The Fourteenth Amendment of the United States Constitution protects American citizens from religious-based discrimination by a government employer. Title VII of the Civil Rights Act of 1964 also forbids religious discrimination by private employers.

Muslims practice ritual prayer and many wear specific kinds of clothing as part of their faith. Under Title VII, § 701(j), employers have a duty to make reasonable accommodations for these practices. Employers do not need to completely adopt the employee’s proposed solutions, nor conform to every religious need of a devout employee, but they do need to show that some efforts have been made to allow their employee to practice his or her faith at work.

What Constitutes an Employment Discrimination Claim?

There are many kinds of religious-based employment discrimination. An individual or group claim can be made for disparate treatment if there is adequate proof of “facial discrimination.”  For example, if a company uses exclusionary language such as “men only” in an employment posting, a Disparate Treatment claim could be alleged.  A pattern of systemic discrimination must be proved for these claims to be successful. 

More common are individual or group claims for disparate impact or harassment. Title VII bans harassment with a “hostile environment” clause. Even if the employer behavior doesn’t cause injury to the religious employee, it is still illegal if it detracts from job performance, blocks promotions, or encourages the employee to leave the company.

Harassment can be direct or vicarious; supervisors can harass employees either directly or through subordinates. Failure to adequately respond to complaints can be considered negligence, leaving employers liable for a discrimination claim.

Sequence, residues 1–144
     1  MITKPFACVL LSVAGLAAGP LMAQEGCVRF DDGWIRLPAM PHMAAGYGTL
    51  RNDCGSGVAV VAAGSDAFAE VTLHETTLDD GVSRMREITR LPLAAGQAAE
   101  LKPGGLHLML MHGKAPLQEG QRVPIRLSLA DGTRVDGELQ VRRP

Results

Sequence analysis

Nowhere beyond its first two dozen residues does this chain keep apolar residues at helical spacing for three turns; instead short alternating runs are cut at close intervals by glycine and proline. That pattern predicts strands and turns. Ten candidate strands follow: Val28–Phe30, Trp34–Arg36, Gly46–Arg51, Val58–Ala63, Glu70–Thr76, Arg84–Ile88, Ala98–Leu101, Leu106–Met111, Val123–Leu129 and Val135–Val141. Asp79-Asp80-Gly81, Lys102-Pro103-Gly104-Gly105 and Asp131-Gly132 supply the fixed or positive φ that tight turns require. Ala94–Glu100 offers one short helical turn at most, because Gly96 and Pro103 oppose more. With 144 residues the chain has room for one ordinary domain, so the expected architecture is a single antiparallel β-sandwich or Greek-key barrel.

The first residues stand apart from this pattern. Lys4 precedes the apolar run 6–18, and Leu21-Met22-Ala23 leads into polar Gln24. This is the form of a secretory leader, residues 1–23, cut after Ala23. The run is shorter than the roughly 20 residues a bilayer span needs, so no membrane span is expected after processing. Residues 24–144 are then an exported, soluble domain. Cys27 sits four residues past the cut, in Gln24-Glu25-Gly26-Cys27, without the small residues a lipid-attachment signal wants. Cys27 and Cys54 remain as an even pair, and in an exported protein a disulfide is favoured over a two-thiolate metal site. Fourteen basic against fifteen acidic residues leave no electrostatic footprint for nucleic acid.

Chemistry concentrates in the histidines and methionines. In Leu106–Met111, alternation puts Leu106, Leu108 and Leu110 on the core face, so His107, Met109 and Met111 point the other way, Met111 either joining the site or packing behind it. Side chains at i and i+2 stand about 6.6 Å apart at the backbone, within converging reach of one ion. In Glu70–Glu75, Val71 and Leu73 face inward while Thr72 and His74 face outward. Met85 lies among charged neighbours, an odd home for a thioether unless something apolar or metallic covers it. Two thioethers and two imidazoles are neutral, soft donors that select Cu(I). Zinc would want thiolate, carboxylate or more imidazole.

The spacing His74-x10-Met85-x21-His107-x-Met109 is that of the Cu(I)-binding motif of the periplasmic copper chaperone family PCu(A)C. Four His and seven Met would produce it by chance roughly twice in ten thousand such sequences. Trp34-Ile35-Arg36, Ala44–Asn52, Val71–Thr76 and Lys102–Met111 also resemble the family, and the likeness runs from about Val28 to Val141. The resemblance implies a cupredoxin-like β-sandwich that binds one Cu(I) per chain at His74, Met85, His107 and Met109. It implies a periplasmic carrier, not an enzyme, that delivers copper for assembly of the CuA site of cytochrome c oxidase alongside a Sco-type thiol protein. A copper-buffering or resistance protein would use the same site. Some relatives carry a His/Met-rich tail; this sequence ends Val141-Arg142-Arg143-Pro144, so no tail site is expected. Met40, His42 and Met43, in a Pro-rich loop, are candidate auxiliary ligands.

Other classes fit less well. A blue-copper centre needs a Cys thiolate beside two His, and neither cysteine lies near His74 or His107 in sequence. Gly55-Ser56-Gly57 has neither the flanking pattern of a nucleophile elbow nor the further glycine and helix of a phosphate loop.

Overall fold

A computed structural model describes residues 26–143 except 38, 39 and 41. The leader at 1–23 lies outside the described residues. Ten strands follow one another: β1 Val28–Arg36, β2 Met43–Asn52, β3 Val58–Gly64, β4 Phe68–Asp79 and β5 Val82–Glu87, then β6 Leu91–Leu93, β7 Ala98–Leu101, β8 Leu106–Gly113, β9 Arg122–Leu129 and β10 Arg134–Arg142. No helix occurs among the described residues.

What Defenses Does an Employer Have?

To successfully defend against a Muslim employment discrimination claim, employers must show that either that they had motives other than discrimination for their actions, or that their actions were legal under certain mandated employer protection clauses.

  • Mixed Motive: An employer can show that the employee or employees filing the claim were released from employment because of poor job performance rather than the alleged religious discrimination. This defense is controversial and may not apply in all jurisdictions.
  • Reasonable Care: Employers need to make reasonable accommodations to allow employees to practice their religion, but Title VII 701(j) states that the employer doesn’t need to fully meet those needs. The employer is not required to incur more than minimal costs, for example.
  • Bona Fide Occupation Qualification: Religious institutions are legally permitted to make hiring decisions based on a candidate’s religious belief and practice.
  • Waivers: The employer can prove that the employee waived rights to a discrimination claim and left the company voluntarily.

Do I Need a Lawyer?

Employment discrimination claims are often civil litigation battles that can be very drawn out and costly for both sides. An employment lawyer is necessary to craft a defense specific to the circumstances of an individual case.